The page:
Buyer Enablement - Creating an Unforgettable Buying Experience

Buyer Enablement - Creating an Unforgettable Buying Experience
Larson Stair

The B2B buying journey is hard

As sellers, we are intimately connected to the strugglings of conducting a world class sales cycle. We’re used to tons of rejection, fielding objections left and right, and at times feeling like you can be fighting an uphill battle. While selling can be a challenge, buying a product that truly meets the needs of my organization and gaining buy-in from my team can be even more challenging.

Gartner recently found that “77% of buyers rated their purchase experience as extremely complex or difficult.” As a buyer, I need to deeply understand my own struggles as well as my organization's pains as I evaluate dozens of solutions. Not to mention, Gartner also tells us that a typical buying group involves six to 10 stakeholders, each of whom have consulted four to five sources of information that they must then deconflict together.

With the abundance of high quality information and increasing quantity of people involved in the buying process, it is more challenging than ever to align my colleagues and make a timely purchase to solve my problems. The sales organizations who think deeply about their customer’s buying experience and how they can equip their buyers with the proper information to champion their product or service, will win more deals… and faster

Buyer Enablement - Helping your buyers buy

What is Buyer Enablement?

Simply put, buyer enablement is the process of helping your buyers buy your product or service. It’s the idea that salespeople succeed when they empower their buyers with the tools and knowledge they need to purchase your product.  This can include everything from helping a buyer identify gaps in their process to enabling your champion to effectively sell your product or service internally to various stakeholders.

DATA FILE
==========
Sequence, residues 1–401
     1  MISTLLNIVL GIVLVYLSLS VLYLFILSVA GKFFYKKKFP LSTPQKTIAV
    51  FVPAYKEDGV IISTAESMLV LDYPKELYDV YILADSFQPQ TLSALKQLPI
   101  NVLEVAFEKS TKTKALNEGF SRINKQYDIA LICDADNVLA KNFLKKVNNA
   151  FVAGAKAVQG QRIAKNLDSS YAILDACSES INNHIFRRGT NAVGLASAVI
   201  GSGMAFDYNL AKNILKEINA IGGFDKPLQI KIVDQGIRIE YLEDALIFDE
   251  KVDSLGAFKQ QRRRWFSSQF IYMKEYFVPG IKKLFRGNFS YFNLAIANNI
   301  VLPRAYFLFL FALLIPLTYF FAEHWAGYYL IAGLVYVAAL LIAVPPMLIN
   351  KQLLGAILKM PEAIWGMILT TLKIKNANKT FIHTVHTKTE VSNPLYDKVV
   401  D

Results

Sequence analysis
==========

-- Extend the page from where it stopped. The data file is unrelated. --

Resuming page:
Buyer Enablement Journey

The best way to create an unforgettable buying experience is to take the view of your customer. Think of the stages they need to go through to fully understand their problems, your product offering and effectively present it internally to get buy-in.

Though every buyer journey will be unique, in general the B2B buying process can be broken down into six main phases.

  1. Awareness: Buyers are aware they have some problem and are experiencing pain as a result. Buyers are focused on understanding the market, and looking for guidance on how to best solve their problem.
  2. Consideration: After educating themselves about org shortcomings, buyers have a clear idea of what their problem is and are beginning to understand how your solution could help solve their problems. Buyers are focused on building our future priorities and needs based upon their evaluation of the market.
  3. Interest: Here buyers have reached out to many different vendors to explore solution offerings. At this stage, buyers are looking for detailed information on how your solution supports their needs and how you are different from others in the marketplace.
  4. Preference: As soon as a buyer has completed their evaluation of the vendors, they will select a “vendor of choice”. Buyers are focused on building consensus internally, and additional stakeholders may move the deal forward and backwards along this journey until they come to an agreement.
  5. Validation: This step is analogous to the “reference checks” of interviews. During this stage, buyers are confirming their decisions with external validation from community groups or customer references. Buyers are looking for ROI data to support their selection and justify the purchase.
  6. Purchase: In this final stage, buyers are confident in their vendor choice and ready to purchase. Here, they will focus on securing the budget and finalizing the deal.

Buyer Enablement Best Practices

Map the buyer’s journey -